The listing of the Revolutionary Guard Corps, an elite wing of the Iranian military responsible for its regional activities in Iraq and elsewhere, remains the only time the United States has so labeled a part of the government. from another country. While the measure has been welcomed by some lawmakers, a number of commentators and sanctions experts have argued that it unnecessarily sets a bad precedent and is likely to increase, rather than decrease, Iranian aggression.

Promoting negotiations to return to the 2015 Joint Comprehensive Plan of Action, or JCPOA, the Biden administration argued that Trump’s withdrawal from the deal, which sharply limited Iran’s nuclear activities and the placed under international surveillance in exchange for the lifting of US nuclear sanctions. , has undermined US security by bringing Iran closer than ever to producing a nuclear weapon.

“This is no longer a thought experiment. What if the nuclear chains of the JCPOA were lifted and we tried something different…in the form of maximum pressure? State, Ned Price, said Thursday.The Trump administration, he said, promised “a so-called better deal with Iran, an Iran whose proxies were intimidated…whose support for terrorism would be diminished…whose ballistic missile program would be verified, all of these things have proven to not only not be true, but in almost all cases the exact opposite has come to pass.

At the same time, while continuing to deny that it is seeking a nuclear bomb, Iran has dramatically increased the quality and quantity of uranium enrichment and it is believed that there are only weeks left before Assemble enough to power a weapon. He expanded other aggressive activity even as Trump reimposed sanctions that had been lifted by the Iran deal and imposed more than 1,500 more. Between 2019 and 2020, Price said, the number of attacks on US personnel and facilities in Iraq by Iran-backed groups “increased by 400 percent.”

Much of the Vienna talks over the past year have been devoted to disagreements between Iran’s insistence on the lifting of all US sanctions and the administration’s insistence that a return to the he agreement only concerned those who were “nuclear-related”. These issues, along with issues of sequencing and unfreezing certain Iranian assets, are now largely resolved.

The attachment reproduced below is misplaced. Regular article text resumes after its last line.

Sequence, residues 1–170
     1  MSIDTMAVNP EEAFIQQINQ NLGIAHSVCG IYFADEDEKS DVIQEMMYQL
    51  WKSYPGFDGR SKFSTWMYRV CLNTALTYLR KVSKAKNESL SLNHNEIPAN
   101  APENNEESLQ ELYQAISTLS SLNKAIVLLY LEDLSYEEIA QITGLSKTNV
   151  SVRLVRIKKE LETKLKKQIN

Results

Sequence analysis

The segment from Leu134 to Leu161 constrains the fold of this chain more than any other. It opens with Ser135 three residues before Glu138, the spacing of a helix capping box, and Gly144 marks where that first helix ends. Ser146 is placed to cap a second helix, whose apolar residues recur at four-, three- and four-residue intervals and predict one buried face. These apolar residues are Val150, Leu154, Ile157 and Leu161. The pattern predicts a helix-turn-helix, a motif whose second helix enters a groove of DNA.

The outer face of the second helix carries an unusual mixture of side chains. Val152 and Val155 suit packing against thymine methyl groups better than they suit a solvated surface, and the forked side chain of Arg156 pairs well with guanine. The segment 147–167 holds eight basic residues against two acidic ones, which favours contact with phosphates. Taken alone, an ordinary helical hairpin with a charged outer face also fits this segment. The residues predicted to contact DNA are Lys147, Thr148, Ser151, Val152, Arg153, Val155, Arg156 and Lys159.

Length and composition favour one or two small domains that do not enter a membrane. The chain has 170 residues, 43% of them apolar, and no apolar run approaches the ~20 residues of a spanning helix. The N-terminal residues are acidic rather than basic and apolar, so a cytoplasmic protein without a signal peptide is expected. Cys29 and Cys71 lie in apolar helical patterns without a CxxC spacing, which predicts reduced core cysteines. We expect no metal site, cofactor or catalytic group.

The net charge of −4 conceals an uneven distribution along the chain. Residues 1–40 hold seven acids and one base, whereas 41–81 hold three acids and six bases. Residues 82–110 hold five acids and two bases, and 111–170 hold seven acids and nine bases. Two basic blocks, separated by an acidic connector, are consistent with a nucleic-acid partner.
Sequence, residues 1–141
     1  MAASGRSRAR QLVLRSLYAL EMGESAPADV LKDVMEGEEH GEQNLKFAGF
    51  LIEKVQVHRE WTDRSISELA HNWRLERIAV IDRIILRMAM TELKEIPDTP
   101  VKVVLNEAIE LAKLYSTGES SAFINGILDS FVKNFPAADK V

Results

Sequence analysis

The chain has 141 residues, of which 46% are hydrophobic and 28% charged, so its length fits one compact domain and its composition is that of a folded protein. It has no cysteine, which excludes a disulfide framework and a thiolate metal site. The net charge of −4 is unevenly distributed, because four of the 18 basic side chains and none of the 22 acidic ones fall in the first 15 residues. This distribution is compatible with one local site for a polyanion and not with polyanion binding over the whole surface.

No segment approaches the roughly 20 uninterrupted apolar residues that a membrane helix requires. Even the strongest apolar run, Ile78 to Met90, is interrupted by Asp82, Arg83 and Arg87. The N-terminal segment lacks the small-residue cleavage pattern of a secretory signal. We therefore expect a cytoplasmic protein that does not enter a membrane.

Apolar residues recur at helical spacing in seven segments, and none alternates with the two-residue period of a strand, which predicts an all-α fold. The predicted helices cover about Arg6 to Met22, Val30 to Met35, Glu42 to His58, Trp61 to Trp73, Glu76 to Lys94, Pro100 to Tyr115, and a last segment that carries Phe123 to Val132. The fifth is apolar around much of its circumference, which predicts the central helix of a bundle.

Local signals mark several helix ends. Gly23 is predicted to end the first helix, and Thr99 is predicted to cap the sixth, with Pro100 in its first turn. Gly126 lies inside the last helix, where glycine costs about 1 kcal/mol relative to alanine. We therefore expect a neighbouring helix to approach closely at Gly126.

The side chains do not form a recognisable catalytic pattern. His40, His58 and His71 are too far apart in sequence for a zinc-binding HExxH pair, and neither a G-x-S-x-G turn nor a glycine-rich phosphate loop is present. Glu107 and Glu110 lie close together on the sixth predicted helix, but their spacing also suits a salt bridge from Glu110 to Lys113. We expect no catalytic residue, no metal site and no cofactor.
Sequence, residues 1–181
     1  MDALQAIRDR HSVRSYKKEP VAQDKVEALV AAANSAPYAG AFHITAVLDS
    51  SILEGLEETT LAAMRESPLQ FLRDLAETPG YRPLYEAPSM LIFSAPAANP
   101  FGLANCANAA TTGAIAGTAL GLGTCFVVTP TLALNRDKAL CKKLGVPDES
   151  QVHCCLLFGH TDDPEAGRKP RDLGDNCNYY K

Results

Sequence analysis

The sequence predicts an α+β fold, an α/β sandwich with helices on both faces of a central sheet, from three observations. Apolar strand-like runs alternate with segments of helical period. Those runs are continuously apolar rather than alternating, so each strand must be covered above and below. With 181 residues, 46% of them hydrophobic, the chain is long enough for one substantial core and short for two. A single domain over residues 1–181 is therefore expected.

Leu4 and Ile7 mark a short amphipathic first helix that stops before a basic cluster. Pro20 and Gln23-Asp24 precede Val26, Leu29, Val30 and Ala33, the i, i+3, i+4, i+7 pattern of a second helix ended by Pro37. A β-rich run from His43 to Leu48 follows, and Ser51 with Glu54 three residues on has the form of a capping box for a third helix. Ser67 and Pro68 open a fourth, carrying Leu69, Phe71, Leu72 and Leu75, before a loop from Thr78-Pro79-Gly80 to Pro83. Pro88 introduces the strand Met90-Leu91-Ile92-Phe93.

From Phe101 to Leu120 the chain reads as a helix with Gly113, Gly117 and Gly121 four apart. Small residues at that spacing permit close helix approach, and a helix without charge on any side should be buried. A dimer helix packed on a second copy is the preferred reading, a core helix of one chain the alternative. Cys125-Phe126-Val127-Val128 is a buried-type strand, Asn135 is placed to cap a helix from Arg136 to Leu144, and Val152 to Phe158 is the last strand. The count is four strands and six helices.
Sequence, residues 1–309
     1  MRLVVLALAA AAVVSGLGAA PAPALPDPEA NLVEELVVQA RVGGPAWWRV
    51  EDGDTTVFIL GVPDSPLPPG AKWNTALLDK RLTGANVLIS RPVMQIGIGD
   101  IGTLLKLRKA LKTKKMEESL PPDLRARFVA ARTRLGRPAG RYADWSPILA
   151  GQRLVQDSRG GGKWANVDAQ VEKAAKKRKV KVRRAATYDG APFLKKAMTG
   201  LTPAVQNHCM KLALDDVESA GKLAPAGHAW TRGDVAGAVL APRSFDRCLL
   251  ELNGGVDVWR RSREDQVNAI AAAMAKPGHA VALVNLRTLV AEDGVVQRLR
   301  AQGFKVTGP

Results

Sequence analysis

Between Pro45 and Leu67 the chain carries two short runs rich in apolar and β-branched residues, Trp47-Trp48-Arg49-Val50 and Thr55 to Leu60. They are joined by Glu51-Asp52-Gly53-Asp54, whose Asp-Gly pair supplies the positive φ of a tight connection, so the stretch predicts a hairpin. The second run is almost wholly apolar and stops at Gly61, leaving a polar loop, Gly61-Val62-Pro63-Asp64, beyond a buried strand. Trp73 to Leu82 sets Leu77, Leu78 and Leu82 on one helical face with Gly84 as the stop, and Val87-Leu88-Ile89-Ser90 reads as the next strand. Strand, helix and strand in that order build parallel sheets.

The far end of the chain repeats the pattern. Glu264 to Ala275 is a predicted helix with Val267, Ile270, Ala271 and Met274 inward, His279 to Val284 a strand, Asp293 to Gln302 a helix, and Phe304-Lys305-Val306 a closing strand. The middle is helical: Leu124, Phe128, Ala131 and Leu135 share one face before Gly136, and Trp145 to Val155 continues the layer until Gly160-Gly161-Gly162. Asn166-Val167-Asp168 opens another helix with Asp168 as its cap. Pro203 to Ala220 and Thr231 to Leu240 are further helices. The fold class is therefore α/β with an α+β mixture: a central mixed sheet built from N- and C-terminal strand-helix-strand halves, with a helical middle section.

But as word spread that the biggest issue left on the table was the terrorist designation of the Revolutionary Guard Corps, opponents of the deal, including virtually all Republicans, vowed to redouble their efforts to halt the deal, and a number of Democrats have expressed concerns.

“We are very concerned about reports indicating the potential lifting” of the Revolutionary Guard Corps’ foreign terrorist organization designation, a bipartisan group of 21 House members wrote to Biden last month, saying the combination to “fail to adequately address Iran’s role as a primary state sponsor of terrorism”, and providing billions of dollars in sanctions relief would provide “a clear path for Iranian proxies to continue fueling terrorism” .

Any administration action is further complicated by reported U.S. intelligence indicating ongoing Iranian plots to target Pompeo and other former U.S. officials whom Tehran holds responsible for the 2020 drone strike that killed Qasem Soleimani, commander of the Quds Force, the branch of the Revolutionary Guard Corps specializing in unconventional warfare. But others have warned that Iranian and US leaders have “painted themselves into a corner” by allowing the issue to become what could ultimately kill any prospect of a deal.

“Failure to close the nuclear deal will most likely lead to an unpredictable and possibly uncontrollable escalation, and almost certainly to a spike in oil and gas prices,” Trita Parsi, an Iranian expert and vice president, wrote on Thursday. Executive of the Quincy Institute for Responsible Statecraft. “The political costs to the United States and Iran of delisting” the Revolutionary Guard Corps or “dropping the delisting request, respectively, pale in comparison.”